Posts Tagged ‘Math’

Really Big Numbers

July 14, 2016

I am going to talk about some cool math tonight.  Basically I am just going to be explaining some ways to talk about big numbers that most people have never heard of.  It might be kinda short because I need to get to sleep fairly soon, but I hope it will be interesting.

To start, lets establish a pattern.  One of the simplest things you can do with a number is to count up by one.  To go to the next whole number bigger.  Its how we first learn to add numbers, by counting up a number of times equal to the amount we are adding.  We want to add 4 to 3, we count 3, 4, 5, 6, 7.  When you add a number, it means you are counting up that many times.  So we can use counting in order to understand how to add.

Next we can use adding to learn to multiply.  If we want to multiply a number, we are just adding that number a number of times equal to what we are multiplying by.  So if we multiply 3 by 4, we are saying 3+3+3+3.  We are adding 3, 4 times.  So we are using addition in order to understand how to multiply.

After multiplication is exponents, or powers.  If you want to take a number to the power of another number, that just means you are multiplying by that number a number of times equal to the second number.  So if we take 3 to the fourth power, we are just multiplying 3*3*3*3.  We are multiplying by 3, 4 times.  So we are using multiplication in order to understand how to take powers.

Now most people know how to do all of these things, even if they might be a bit hazy on powers, and if they stop to think about it, it is pretty obvious they are all built on top of one another.  When they are all presented in an ordered fashion like this however, it becomes easy to see that the pattern can continue.  Let me show you the next step then.

After powers, is an operation called tetration.  It is so called because it is the 4th level of operation, if you start with addition as the basic operation instead of counting.  If you want to tetrate a number by another number, you simply take that number to the power of itself a number of times equal to the second number.  So if you want to tetrate 3 by 4, then you would have 3^3^3^3, where ^ is the symbol commonly used on computers for powers due to the difficulty of using the normal superscript notation for powers.  We are going to the power of 3, 4 times here. Thus we are using powers in order to understand tetration.

A couple of interesting things to note in terms of tetration.  First, the representation.  It is usually looks like taking to the power, except the small number is in front of the number instead of after it.  So the tetration of 3 by 4 discussed above would look like a tiny 4 hanging in the air followed by a normal sized 3.  If you want to write this out on a computer, you use two ^s, so the above 3 tetrated by 4 would be 3^^4.  Another important thing to understand is that when you are taking the powers in order to find the answer, you start at the highest point and work down instead of working up.  As an example, if we had 3 tetrated to the third, it would look at first like 3^3^3, then 3^27, because we solve the furthest out operation 3 cubed equals 27, so we replace the 3^3 at the end with 27.  Then we would take 3 to the 27th power, which works out to be 7,625,597,484,987.  If we worked the other direction instead, and changed 3^3^3 into 27^3, we would only get an answer of 19,683, which is a fair bit smaller.  So its important that you go from the top down if you are using normal notation, or from right to left, if you are using the computer notation.  The next notable thing is how fast tetration grows.  Lets look at some examples.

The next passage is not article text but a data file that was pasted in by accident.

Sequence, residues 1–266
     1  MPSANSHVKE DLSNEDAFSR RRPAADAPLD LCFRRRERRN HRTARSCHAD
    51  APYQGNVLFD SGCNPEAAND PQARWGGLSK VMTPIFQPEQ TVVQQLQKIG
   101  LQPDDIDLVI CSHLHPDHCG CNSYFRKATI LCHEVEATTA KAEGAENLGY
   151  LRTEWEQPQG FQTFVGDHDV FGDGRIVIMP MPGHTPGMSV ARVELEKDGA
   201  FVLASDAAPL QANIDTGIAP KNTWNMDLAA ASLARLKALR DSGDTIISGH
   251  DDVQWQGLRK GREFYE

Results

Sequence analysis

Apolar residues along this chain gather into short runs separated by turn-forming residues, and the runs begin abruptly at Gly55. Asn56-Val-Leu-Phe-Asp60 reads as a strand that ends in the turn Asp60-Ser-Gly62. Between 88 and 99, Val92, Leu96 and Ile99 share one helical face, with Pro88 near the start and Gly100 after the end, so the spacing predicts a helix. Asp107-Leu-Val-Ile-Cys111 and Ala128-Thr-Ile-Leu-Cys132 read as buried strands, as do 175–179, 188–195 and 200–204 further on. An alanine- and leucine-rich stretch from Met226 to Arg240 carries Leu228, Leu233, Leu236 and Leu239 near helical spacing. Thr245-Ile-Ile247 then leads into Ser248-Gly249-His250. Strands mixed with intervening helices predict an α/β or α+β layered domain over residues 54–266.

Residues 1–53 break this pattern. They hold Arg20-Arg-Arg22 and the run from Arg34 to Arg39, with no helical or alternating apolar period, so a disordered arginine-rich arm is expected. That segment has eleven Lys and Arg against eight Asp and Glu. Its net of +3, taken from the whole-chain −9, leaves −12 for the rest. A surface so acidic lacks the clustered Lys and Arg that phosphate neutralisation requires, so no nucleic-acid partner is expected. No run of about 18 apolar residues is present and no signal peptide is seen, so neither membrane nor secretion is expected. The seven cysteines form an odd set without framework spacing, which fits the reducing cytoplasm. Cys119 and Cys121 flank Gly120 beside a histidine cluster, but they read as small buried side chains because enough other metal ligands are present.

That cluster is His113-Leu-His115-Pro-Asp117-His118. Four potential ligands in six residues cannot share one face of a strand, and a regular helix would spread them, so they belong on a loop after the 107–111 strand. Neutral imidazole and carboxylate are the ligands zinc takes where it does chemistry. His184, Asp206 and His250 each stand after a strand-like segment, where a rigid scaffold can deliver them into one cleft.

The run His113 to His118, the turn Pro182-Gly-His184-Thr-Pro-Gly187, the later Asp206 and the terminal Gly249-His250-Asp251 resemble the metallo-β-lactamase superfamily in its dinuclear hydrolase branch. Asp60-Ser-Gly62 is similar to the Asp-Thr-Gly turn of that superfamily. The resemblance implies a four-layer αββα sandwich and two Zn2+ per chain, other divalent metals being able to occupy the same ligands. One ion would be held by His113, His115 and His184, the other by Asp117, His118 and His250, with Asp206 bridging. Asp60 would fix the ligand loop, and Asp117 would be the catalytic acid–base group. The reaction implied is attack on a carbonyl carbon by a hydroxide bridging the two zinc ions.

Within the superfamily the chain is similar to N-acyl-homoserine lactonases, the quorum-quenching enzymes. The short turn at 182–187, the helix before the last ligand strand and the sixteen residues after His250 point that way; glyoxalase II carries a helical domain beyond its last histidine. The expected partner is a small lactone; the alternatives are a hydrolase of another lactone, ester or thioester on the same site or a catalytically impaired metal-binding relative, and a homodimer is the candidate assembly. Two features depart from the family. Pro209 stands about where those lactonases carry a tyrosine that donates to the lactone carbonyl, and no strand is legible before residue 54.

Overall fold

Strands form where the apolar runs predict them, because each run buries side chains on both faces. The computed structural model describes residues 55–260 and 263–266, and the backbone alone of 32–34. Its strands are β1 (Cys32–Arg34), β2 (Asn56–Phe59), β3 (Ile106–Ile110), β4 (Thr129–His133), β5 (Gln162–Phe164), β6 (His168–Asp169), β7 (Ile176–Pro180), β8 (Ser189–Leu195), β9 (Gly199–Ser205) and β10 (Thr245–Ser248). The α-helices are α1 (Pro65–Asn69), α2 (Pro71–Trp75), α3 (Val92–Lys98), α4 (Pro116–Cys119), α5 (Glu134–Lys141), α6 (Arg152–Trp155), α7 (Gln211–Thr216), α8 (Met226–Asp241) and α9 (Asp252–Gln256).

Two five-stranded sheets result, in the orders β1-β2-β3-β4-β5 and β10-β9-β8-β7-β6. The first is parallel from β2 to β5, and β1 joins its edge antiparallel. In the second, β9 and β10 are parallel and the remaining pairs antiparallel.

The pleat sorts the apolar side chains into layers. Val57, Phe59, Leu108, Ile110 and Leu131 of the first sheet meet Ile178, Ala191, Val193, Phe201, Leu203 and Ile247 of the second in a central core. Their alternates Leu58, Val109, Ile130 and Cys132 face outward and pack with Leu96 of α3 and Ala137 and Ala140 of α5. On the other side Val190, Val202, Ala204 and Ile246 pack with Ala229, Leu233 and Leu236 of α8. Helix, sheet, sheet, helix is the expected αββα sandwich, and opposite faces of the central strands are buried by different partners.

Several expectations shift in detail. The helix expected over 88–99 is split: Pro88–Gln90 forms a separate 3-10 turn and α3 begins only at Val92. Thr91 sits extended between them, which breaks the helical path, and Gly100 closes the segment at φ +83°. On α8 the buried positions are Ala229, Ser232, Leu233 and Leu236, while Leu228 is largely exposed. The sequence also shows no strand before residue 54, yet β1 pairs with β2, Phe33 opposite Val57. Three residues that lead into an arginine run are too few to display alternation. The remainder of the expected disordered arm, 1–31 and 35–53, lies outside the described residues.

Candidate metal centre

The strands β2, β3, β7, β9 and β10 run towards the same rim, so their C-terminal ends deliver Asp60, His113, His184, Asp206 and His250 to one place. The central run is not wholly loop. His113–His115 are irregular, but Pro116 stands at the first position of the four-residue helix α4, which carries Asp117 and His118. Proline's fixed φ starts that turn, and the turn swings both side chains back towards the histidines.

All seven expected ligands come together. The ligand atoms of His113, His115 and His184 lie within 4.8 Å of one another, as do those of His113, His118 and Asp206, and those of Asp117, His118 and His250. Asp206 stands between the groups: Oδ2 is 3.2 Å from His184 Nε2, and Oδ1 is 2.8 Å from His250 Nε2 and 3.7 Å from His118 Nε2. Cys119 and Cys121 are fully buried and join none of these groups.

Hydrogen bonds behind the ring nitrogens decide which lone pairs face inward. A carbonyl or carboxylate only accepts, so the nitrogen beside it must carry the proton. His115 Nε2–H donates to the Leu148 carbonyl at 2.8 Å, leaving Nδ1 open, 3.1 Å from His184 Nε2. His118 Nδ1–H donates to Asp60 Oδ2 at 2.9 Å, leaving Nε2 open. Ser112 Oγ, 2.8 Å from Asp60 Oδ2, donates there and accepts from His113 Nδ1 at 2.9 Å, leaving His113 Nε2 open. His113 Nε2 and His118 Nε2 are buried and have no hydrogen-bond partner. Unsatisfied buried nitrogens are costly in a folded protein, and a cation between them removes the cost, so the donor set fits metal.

2 tetrated by 2 = 4

2 tetrated by 3 = 16

2 tetrated by 4 = 65,536

2 tetrated by 5 = 2.00353 × 1019,728  This is a number with almost 20,000 digits.  If I wrote it out longhand it would be longer than the rest of this article all together by a significant amount.

3 tetrated by 2 = 27

3 tetrated by 3 = 7,625,597,484,987

3 tetrated by 4 = A number with 3 trillion digits.

3 tetrated by 5 = A number who’s number of digits is not even expressible in standard notation.

4 tetrated by 2 = 256

4 tetrated by 3 = 1.34078 × 10154 A number with 154 digits

4 tetrated by 4 = A number who’s number of digits is a number with 153 digits.

4 tetrated by 5 =  A number who’s number of digits has a number of digits not expressible by standard notation.

As you can see, these numbers get pretty absurd, pretty fast.  Still, tetration is obviously not the end of what you can do.  You can do something called pentation which is the next step, taking a number and tetrating it a number of times equal to the second number.  This can extend indefinitely, and it does not make sense to keep coming up with unique notation for each potential operation.  Because of this, a guy called Donald Knuth, famous in the programming world fro writing a series of books on the fundamentals of algorithm creation, created a notation called Knuth’s Up Arrow Notation.  Basically it involved putting a number of upwards facing arrows between the two numbers, with the number of arrows indicating which operation you are using.  One up arrow is powers, two up arrows is tetration, three is pentation, four is the next one after that.  While the ideal depiction of the arrows includes a full arrow, online we simply use the ^ symbol for the arrow.  So ^ is powers, ^^ is tetration, ^^^ is pentation and so on.  As you can see, we have already been using Knuth’s Up Arrow Notation with the computer depictions.